2. ‘Below proficient’ level in any domain means I failed in the test

Not true. PMP looks at your overall performance on the test rather than one single area. Also, the weightage of questions in each of the areas varies considerably. Hence, even if you get a below proficient level in one area, it doesn’t automatically mean you failed. But, let’s say that you do poorly in those sections which have a higher weightage in questions, there is a high chance you might not pass the exam.

3. The weightage is same for all the questions

It is not the same. As the passing score differs based on the kind of questions you get, the difficult questions will have more weightage than the easy questions. The best way to build your sense of understanding about what is difficult and what is easy is through practising a lot of sample questions.

4. Each proficiency level carries a certain percentage score

Some people say that in order to get a proficient level in each domain area, you need to get 80% or above questions right. For moderately proficient, it is 61% or above. Anything below 61% makes you below proficient. However, this is not supported by facts. PMI doesn’t mention this and there is no reason you should believe it either. 

5. One single passing score is set for everybody who writes the exam

It is similar to the myth of passing score being 61%. As such, this is also not true. As difficulty level of the questions vary and as different questions carry unequal weightage, a single passing score doesn’t apply to all the candidates. Some students may get 55% percentage and pass. Some others may score 65% and still not be able to make it. 

Sample PMP questions 

Take a look at sample project management professional questions, as given on the PMI website.

1. An accepted deadline for a project approaches. However, the project manager realizes only 75% percent of the work has been completed. The project manager then issues a change request. What should the change request authorize?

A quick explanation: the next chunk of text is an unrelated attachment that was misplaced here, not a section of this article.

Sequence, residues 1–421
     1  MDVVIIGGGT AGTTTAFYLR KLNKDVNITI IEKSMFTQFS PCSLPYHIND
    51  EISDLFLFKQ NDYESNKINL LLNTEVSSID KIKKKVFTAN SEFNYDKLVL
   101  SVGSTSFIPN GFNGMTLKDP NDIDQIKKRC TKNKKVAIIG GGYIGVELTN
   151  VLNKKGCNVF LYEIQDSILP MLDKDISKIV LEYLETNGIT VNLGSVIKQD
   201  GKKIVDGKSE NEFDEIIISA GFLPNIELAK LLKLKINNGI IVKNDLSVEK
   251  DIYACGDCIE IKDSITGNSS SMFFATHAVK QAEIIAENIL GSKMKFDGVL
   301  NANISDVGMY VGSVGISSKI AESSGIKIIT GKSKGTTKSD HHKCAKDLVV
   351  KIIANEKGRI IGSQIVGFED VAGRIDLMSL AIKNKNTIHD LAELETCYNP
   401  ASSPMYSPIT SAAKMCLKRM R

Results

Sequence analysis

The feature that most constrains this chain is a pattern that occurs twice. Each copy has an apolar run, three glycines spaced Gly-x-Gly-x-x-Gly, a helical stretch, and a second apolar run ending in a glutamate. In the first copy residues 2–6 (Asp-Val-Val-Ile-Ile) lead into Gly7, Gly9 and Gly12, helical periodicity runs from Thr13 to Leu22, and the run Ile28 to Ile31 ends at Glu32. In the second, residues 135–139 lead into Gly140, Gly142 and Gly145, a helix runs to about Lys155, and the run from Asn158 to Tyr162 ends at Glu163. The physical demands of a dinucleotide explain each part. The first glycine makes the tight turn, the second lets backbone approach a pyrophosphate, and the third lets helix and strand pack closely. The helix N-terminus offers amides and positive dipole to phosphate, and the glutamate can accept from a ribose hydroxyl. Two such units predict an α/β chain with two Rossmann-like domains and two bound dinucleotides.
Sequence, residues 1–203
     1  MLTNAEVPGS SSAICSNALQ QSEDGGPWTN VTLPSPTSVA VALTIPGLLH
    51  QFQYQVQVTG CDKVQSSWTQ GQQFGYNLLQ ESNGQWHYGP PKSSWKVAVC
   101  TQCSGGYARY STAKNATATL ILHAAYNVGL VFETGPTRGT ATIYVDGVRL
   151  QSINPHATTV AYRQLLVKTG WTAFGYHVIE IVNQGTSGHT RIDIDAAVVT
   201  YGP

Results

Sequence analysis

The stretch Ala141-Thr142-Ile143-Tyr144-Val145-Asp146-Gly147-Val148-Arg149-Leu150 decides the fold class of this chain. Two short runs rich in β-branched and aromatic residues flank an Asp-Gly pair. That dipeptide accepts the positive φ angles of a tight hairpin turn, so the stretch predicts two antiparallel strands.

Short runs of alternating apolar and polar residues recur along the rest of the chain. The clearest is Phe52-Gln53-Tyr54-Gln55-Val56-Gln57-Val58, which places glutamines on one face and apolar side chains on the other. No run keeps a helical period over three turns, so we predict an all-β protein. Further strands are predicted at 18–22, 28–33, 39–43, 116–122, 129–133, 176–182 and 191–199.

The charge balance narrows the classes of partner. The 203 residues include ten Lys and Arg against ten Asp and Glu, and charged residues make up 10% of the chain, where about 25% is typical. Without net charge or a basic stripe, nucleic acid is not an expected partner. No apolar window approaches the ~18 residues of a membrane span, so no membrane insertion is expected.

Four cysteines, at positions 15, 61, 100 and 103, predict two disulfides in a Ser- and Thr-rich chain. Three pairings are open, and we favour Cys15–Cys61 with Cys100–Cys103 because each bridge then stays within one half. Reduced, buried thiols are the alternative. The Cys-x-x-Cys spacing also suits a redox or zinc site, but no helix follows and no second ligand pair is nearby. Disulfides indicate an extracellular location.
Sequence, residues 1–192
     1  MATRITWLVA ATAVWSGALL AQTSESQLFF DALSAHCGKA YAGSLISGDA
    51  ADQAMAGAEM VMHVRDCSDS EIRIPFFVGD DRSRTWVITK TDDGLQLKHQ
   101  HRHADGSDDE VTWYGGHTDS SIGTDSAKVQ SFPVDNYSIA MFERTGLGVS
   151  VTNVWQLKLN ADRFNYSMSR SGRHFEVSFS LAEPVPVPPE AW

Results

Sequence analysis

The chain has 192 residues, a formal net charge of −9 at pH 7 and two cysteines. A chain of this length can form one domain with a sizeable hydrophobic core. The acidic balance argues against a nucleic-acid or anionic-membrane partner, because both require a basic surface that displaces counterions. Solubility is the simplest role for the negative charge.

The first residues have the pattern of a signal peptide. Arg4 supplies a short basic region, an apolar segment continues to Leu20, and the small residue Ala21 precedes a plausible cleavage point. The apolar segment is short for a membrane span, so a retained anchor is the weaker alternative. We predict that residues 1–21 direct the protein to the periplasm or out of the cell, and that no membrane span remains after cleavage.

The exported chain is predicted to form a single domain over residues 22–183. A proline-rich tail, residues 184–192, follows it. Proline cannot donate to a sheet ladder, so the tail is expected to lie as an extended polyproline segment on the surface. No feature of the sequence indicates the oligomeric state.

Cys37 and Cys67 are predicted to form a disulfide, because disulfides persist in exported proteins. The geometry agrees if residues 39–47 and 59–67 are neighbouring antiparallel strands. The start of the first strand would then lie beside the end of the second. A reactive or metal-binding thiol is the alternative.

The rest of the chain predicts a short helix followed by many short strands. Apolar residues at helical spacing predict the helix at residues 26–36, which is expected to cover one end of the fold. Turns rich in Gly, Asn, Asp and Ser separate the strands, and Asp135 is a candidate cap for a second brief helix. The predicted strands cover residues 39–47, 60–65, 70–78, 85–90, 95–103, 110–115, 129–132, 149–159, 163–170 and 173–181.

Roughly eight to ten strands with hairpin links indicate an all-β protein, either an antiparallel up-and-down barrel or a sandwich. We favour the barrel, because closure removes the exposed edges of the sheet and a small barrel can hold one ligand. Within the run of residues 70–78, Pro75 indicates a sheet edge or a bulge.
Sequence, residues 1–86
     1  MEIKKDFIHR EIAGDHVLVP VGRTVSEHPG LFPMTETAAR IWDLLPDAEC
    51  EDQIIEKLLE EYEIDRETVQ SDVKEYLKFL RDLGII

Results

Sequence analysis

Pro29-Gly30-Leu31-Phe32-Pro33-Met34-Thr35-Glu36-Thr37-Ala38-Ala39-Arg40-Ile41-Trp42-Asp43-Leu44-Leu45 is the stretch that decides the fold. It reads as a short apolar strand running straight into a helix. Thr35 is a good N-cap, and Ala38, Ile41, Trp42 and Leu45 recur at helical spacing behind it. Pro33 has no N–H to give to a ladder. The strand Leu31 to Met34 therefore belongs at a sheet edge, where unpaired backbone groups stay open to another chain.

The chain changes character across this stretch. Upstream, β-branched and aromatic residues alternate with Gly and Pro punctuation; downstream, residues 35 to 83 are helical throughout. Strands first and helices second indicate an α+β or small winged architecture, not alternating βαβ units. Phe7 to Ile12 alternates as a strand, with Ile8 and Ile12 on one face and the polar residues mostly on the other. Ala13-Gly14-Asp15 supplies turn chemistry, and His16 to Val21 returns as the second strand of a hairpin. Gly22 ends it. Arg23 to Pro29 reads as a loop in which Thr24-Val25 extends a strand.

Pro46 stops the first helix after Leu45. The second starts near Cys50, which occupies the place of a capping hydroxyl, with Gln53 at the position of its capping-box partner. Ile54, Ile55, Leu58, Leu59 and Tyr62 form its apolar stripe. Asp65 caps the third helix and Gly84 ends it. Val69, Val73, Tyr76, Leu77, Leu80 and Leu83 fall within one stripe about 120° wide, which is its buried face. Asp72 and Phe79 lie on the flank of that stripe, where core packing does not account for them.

A. Additional resources using the contingency fund 

B. Escalation approval to use contingency funding 

C. Team overtime to meet schedule 

D. Corrective action based on causes 

2. The project manager develops a process improvement plan to encourage continuous process improvement during the life of the project. Which of the following is a valid tool or technique to assist the project manager to assure the success of the process improvement plan? 

A. Change control system 

B. Process analysis 

C. Benchmarking 

D. Configuration management system 

3. The project manager meets with the project team to review lessons learned from previous projects. In what activity is the team involved? 

A. Performance management 

B. Scope identification 

C. Risk identification 

D. Project team status meeting

Frequently asked questions about PMP exam


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1. How long does it take to prepare for the exam?

It varies from one person to another. Some students prepare for years and don’t make it and some study for 3-4 months and succeed in their first attempt. Safe to say that it depends on various factors: your dedication to the exam, the amount of time you spend preparing, your focus and concentration and the kind of help you are getting. But on an average, about 4-5 months should be sufficient to crack it.

2. What are the eligibility criteria?

The eligibility criteria depend on your educational qualification. Please refer to the following prerequisites mentioned by PMI:

  • Secondary degree (high school diploma, associate’s degree or the global equivalent)

  • 7,500 hours leading and directing projects

  • 35 hours of project management education

OR

  • Four-year degree

  • 4,500 hours leading and directing projects

  • 35 hours of project management education

3. How do I apply for the PMP exam?

Please refer to the link below to apply for the PMP certification exam. 

https://www.pmi.org/certifications/process

4. Can you know the percentage score on the exam?